The Crook Inn

The Crook Inn has been at the heart of Tweedsmuir for more than 400 years. In 1604 it was one of three inns licensed under new laws introduced in Scotland by King James I/VI, to ’restrain the inordinate Haunting and Tippling of Inns, Alehouses, and other Victualling Houses’. It continued to offer hospitality to visitors and the community alike until its closure in 2006.

In 1688 the local Minister was ousted by his congregation, who preferred the Covenanters. He took the key to the Kirk, so services were held in The Crook until the Kirk could be reopened. The next minister was ordained at the inn

When the A701 became a turnpike road between Edinburgh and the spa town of Moffat and Dumfries in 1752, The Crook was a staging post. Travellers included Robert Burns, who wrote his scurrilous, amusing description of Willie Wastle’s Wife in the kitchen. Willie Wastle lived in the nearby settlement of Linkumdoddie

The handsome Victorian conversion was opened in 1835, when the Minister from Broughton, Rev Hamilton Paul, declared his admiration for the landlord’s daughter, lovely ‘Jeannie ‘o the Crook’, in a poem which became a popular song.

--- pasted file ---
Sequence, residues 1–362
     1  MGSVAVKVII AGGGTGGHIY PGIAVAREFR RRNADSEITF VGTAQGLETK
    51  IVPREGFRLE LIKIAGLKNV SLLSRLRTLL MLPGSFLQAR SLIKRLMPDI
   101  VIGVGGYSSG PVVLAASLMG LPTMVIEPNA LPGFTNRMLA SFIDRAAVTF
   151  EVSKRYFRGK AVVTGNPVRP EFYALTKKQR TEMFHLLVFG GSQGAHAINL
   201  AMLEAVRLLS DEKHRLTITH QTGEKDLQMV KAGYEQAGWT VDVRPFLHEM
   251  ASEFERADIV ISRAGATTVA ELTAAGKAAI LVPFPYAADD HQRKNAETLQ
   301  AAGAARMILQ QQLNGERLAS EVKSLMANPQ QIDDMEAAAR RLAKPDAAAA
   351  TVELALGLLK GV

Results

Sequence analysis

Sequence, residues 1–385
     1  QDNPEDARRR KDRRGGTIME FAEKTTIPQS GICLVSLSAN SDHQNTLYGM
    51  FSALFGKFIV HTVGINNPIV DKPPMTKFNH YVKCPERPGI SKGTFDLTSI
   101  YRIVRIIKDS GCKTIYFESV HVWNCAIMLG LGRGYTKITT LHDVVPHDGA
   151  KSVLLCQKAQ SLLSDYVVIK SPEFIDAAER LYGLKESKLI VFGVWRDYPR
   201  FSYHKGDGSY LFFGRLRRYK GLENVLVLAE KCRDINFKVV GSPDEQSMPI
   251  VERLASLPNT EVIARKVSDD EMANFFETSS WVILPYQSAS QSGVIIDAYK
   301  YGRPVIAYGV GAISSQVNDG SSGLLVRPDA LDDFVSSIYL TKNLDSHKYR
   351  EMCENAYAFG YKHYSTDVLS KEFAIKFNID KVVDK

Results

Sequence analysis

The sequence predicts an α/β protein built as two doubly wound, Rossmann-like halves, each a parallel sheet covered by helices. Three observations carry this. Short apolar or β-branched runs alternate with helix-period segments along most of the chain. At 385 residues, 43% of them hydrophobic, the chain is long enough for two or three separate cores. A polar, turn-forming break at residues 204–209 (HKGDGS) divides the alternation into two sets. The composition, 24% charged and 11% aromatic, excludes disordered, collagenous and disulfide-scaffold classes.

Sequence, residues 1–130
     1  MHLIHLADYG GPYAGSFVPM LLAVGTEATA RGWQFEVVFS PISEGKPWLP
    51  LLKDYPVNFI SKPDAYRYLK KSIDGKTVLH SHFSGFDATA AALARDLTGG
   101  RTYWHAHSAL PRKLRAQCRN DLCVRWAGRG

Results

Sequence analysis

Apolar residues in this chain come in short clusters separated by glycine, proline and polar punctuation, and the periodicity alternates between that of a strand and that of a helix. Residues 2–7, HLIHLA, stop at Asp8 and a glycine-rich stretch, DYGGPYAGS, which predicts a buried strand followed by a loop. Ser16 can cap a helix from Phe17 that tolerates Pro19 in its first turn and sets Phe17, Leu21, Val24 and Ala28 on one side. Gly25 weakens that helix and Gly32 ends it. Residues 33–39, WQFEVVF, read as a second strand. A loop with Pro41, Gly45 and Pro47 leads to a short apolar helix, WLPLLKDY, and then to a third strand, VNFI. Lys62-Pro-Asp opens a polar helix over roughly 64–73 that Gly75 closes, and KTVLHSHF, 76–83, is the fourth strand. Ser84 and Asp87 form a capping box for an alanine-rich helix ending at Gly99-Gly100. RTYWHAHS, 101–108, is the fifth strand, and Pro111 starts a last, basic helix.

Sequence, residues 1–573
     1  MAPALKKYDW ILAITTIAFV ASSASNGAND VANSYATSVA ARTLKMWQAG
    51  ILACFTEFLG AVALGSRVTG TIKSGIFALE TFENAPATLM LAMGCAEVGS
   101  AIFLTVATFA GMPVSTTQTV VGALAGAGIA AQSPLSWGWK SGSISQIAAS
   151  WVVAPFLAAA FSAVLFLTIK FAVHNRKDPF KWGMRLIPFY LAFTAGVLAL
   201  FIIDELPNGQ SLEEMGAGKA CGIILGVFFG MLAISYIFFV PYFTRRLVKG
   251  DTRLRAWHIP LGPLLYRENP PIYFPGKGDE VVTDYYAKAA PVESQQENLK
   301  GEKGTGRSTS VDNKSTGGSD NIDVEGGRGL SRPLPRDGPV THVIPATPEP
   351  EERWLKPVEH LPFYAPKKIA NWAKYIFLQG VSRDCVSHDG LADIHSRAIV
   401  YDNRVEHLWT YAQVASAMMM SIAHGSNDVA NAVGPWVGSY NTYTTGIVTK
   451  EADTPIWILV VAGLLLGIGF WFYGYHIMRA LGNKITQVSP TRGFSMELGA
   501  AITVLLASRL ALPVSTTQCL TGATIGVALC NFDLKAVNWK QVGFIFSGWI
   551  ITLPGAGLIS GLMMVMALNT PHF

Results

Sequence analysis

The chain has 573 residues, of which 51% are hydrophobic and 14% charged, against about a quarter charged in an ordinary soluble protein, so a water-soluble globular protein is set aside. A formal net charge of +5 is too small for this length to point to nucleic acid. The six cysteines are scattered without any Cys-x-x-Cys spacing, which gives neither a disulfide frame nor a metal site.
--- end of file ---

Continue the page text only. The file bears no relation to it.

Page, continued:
Amongst many sociable gatherings at the Crook Inn, distinguished Edinburgh literati came regularly for good walking and excellent hospitality. In 1891, the Scottish Mountaineering Club held its first official outing, setting out from The Crook to climb Broad Law, the highest hill in the Scottish Borders

The Tweedsmuir Curling Club met there annually until 1914, and the Porteous family held regular family gatherings every 5 years for members from all over the world

The Crook played a significant role in the construction of the Talla reservoir in 1895-1905. A railway line was built from Broughton to Talla to transport materials to the construction site, with a siding at the Crook. The contractor had a financial interest in the Inn, and paid the 300 – 500 labourers there on a Friday, reckoning to get most of his money back by Monday! The Crook Inn was reported to be rowdy in those days

In the 1930s The Crook had another makeover, in Art Deco style. The exterior walls were finished in white and an impressive extension built, with curved windows, a flat roof and balcony. Art Deco features inside include the striking tiling in the ladies’ cloakroom.

The Crook Inn was closed in 2006 by a new owner who proposed housing developments, stripping away over 400 years of heritage and the vital centre of community life and employment. Residents strongly opposed the proposals and formed the Tweedsmuir Community Company to fight the plans. An energetic Save the Crook campaign raised £160,000 to purchase the Inn.

The rest of the land at the site was purchased in 2016 with support of the Scottish Land Fund and windfarm community grants.